Not that we were able to leave at 1:30pm… Upon reviewing the hotel bill, I noticed that our “not free” breakfast had been charged twice. After 30 minutes of attempts to fix this, we had to leave the hotel and trust that the restaurant manager would sort out the refund later.

“Guest Assistance”

My first interaction with Hilton Honors was comical. After I complained about the hotel providing a voucher instead of breakfast for two, I received this reply…

We really appreciate your loyalty and we truly understand how disappointing this could be. 
Kindly note as per Hilton Honors Terms and Conditions, food and beverage credit are eligible within hotels inside U.S only.

After I replied rather more forcefully, I received 10,000 Hilton points as compensation. I value 10,000 points at £35-40, which was somewhat less than what I paid the hotel for breakfast. But knowing that hotel chains find it easier to compensate members with points rather than force a hotel to offer a cash refund, I finally capitulated and accepted the points.

…only to find out that my billing error had not only not been refunded, but I had been charged yet again for breakfast. After some additional back-and-forth – with the hotel this time – it seems that the triple-charge has finally been reversed.

Bottom Line

DYKWIA? Perhaps…

But more importantly, I suspect that many readers are the “loyalty programme gurus” of their own families. We often make some sacrifices to earn points and elite status, which are partially compensated by our family members saying “YAY! We are staying at a [insert hotel chain here]”.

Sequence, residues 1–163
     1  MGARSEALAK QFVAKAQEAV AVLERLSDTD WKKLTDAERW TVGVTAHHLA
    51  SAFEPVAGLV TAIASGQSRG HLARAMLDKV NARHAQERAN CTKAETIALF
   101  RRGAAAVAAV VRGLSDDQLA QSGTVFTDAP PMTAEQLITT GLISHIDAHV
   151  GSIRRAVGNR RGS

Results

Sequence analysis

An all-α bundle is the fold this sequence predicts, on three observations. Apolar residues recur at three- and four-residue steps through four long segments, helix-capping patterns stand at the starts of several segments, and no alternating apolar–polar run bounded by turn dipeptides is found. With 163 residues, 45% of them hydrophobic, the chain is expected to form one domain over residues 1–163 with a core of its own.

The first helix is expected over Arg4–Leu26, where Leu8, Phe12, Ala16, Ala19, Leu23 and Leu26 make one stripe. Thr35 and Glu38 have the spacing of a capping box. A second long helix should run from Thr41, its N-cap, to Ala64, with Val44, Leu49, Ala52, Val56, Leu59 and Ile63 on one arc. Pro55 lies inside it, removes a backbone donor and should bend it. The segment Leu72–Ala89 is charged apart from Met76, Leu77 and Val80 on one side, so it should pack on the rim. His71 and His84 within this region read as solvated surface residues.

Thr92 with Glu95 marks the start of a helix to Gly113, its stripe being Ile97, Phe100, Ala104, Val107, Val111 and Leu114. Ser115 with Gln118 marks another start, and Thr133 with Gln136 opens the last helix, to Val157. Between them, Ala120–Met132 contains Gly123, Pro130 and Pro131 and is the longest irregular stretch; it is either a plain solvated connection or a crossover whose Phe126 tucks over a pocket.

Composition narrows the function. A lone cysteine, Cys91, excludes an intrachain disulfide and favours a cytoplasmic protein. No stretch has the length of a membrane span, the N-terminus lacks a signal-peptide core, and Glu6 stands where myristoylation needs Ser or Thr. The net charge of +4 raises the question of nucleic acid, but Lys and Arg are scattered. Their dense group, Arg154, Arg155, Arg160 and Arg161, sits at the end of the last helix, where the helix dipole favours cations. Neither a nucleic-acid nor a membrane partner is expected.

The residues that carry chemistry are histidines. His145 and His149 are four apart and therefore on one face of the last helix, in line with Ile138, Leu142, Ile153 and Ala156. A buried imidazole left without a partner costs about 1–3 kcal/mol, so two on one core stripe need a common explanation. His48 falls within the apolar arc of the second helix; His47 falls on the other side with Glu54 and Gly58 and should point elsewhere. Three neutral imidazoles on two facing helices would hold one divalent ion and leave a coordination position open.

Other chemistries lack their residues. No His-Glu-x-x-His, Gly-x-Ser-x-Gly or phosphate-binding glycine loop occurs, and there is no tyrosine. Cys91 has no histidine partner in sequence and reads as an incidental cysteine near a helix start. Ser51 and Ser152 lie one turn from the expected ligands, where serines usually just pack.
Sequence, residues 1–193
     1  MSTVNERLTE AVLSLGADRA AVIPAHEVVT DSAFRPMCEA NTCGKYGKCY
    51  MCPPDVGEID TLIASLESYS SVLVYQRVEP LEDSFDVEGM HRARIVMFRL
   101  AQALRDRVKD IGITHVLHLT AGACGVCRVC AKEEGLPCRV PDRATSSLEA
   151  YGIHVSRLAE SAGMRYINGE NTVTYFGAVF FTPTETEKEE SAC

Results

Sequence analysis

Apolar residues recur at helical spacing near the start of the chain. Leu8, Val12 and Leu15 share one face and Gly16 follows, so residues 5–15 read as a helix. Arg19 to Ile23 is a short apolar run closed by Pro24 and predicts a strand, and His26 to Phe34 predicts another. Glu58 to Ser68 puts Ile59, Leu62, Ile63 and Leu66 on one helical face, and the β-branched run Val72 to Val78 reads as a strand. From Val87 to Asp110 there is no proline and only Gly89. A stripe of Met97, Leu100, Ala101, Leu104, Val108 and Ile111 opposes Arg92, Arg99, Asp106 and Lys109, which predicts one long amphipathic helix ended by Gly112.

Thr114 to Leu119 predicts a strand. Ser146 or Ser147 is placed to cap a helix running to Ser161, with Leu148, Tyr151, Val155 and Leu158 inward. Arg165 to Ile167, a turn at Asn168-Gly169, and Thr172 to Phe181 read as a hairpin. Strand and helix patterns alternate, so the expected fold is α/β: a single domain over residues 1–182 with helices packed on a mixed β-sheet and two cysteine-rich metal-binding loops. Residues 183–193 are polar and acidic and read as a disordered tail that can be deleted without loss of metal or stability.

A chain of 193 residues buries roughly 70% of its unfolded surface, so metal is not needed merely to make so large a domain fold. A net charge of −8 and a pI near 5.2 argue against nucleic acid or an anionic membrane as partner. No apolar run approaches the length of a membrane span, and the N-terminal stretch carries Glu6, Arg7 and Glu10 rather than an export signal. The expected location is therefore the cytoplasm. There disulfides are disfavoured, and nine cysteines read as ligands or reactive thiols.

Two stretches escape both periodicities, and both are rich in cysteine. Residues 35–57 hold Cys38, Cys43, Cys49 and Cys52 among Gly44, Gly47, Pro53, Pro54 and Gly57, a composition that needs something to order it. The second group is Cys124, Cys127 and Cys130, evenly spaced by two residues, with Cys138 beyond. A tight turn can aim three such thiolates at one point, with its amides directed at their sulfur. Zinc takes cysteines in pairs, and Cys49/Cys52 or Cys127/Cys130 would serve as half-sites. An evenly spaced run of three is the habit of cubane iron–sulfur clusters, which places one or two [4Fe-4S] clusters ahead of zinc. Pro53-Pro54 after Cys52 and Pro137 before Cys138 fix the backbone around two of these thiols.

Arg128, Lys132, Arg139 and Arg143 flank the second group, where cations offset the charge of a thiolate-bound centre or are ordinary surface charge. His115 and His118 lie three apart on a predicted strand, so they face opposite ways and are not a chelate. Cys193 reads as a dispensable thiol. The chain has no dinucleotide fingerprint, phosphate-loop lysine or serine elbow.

Instead my wife insists “we are never staying at a Hilton again”. I might still stay at a Hilton hotel when travelling on my own. Or I might be able to convince my wife when a Hilton is definitely the only or best option.

But it’s not likely that I will be taking my family to a Hilton hotel for awhile if there is a Hyatt or Marriott hotel nearby. And it’s all due to a rogue Hilton Garden Inn in Montreal that Hilton Honors is unwilling to pressure into honouring its promises…


  1. IanMacK says

    I’ve been a Hyatt member since 2004 – always at least Gold and for 7-8 years a Diamond / Globalist.
    I’ve had tremendous service from Hyatt managers and staff over those years – from country VP, GM to front desk and bar staff.
    This summer we spent 5 days at Destination by Hyatt Wild Dunes Resort on Isle of Palms near Charleston, SC.
    Well, in my opinion this hotel is nowhere near the Hyatt level of service – from downright lazy pool attendants to some blatant lies from two duty managers and no reply to an email to the hotel head honcho.
    At first I thought – Hyatt = never again, but then on reflection this is not a Hyatt hotel, there is absolutely minimal Hyatt branding (almost zero) and basically just sells rooms through the Hyatt website.

    • Joe Deeney says

      Yes, there’s always the potential risk of throwing the baby out with the bathwater. I’ve had great stays and awful stays with pretty much all the major chains. However, I think the issue is when things go wrong and both the hotel and the loyalty programme don’t even seriously attempt to make amends. Small gestures and making guests/members feel like they really have been listened to can make a big difference.

      • Craig Sowerby says

        Yeah. Mediocre service happens sometimes.

        But when a hotel blatantly ignores published elite benefits and the hotel chain says “we aren’t going to do anything about it” –> serious damage to the brand, with short and long term consequences.